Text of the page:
The first two years, the event took place at Oak Hill, and last year, although the threat of COVID-19 changed the delivery, it went on over Zoom with students running things from the Cage Center. It was gratifying for Gamble to witness the alumni who made time for students, even with added challenges.

“It was really cool to see how many people gave their time, even during the pandemic,” she says.

Although some mentor-athlete pairings can change, Parker and Gamble have chosen to continue their connection, and the mentorship has grown into a friendship with Parker texting Gamble before her first home soccer game and mailing her an inspirational book.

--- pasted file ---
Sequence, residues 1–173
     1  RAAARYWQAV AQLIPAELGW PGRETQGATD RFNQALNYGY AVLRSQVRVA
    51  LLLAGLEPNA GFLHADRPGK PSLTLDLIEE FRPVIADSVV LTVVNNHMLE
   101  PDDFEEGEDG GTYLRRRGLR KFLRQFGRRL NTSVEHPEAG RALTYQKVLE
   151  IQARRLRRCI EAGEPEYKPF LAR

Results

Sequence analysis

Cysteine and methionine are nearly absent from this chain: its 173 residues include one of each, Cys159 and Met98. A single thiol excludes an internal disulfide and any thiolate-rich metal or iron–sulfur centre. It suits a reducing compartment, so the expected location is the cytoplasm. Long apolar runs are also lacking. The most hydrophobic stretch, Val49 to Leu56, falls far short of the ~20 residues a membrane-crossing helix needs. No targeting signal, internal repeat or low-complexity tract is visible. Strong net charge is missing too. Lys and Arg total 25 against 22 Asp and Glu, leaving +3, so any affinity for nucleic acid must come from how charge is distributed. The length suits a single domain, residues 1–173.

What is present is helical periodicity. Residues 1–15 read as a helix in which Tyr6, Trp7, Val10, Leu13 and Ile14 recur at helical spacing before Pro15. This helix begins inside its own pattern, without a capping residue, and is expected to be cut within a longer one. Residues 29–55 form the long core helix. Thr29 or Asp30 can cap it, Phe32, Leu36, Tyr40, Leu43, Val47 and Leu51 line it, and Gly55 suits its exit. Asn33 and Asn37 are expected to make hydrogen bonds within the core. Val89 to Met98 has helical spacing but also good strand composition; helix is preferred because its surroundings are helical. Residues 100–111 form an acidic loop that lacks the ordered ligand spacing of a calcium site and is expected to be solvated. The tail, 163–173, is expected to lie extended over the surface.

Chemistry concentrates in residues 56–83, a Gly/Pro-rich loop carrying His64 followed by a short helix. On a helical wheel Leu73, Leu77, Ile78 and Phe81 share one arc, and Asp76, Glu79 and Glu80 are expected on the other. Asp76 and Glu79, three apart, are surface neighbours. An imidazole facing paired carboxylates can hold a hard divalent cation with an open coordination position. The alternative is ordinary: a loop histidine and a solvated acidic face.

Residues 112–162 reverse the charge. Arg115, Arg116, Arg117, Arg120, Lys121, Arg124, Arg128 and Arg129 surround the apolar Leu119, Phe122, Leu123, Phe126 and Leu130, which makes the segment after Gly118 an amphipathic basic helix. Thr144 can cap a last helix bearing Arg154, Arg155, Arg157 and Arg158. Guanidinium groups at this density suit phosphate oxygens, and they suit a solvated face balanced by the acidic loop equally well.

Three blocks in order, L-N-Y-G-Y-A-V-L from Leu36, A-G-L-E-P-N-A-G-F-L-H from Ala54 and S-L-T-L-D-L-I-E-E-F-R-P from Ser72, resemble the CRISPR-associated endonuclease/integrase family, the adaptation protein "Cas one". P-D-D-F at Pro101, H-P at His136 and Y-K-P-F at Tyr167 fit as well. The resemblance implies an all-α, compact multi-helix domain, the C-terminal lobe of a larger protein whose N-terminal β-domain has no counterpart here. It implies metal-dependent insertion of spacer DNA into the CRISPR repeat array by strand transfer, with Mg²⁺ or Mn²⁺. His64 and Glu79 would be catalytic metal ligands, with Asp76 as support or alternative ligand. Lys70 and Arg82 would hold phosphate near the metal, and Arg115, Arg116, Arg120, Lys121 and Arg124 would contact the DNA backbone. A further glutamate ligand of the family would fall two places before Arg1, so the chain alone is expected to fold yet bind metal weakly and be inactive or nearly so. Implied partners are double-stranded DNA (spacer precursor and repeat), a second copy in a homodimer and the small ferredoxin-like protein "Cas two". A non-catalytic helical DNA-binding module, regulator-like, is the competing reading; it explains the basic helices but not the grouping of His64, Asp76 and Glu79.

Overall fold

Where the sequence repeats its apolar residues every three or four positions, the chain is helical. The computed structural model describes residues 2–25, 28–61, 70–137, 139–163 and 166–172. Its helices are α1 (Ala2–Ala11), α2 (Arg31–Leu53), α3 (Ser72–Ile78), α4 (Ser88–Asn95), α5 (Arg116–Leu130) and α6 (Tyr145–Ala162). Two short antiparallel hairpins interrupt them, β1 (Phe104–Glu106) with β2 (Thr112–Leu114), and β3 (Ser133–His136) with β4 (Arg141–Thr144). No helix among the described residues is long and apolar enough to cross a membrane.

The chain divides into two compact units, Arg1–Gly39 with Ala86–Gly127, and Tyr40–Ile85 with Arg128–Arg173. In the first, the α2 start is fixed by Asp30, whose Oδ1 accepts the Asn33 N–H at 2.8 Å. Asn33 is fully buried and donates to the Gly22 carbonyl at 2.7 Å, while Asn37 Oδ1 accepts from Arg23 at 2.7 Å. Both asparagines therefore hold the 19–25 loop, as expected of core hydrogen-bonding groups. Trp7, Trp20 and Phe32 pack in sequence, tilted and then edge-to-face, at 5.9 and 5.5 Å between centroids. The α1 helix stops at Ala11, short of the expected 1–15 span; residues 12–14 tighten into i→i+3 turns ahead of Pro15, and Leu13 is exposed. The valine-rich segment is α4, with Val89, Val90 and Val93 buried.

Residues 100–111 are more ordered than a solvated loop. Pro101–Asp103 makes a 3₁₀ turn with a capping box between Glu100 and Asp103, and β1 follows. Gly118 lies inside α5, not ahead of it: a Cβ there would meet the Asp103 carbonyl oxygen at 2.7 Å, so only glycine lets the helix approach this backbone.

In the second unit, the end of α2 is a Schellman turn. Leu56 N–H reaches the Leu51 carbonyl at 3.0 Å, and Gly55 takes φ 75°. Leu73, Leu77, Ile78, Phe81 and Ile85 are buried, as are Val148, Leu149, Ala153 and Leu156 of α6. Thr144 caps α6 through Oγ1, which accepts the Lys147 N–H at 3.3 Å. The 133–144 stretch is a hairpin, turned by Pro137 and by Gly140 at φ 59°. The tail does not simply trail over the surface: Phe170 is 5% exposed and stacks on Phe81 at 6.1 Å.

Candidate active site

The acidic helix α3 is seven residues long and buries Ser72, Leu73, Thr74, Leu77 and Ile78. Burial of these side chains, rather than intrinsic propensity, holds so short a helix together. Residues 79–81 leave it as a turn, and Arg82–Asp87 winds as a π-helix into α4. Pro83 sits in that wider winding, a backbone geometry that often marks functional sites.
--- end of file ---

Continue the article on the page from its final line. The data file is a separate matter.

Parker has gone on to earn a master’s degree in health and exercise science from Wake Forest University and is now in a PhD program for exercise science at the University of South Carolina. For her, a chain of female leadership above her has been influential to her growth, and she looks back on her time at Berry and sees herself in the students there.

For current VSA athletes, seeing their mentors graduate and thrive, she says, “provides an opportunity for female athletes to see themselves.”

After graduation, she says, “everything changes.” The mentorship program “kind of closes that gap a little bit.”

Gamble, possibly drawing a bit from her mentor’s graduate school experience, has plans to pursue a master’s degree in business. And although their time together through VSA is drawing to a close, the two women have forged a friendship that seems destined to last as they move forward into new chapters.